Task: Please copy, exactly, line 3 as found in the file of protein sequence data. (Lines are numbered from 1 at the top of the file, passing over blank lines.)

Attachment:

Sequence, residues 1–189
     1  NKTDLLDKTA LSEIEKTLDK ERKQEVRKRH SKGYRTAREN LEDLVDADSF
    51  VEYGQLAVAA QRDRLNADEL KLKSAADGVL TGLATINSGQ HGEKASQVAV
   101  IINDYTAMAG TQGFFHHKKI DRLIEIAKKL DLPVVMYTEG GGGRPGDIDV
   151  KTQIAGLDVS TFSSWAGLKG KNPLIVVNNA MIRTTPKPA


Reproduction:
    51  VEYGQLAVAA QRDRLNADEL KLKSAADGVL TGLATINSGQ HGEKASQVAV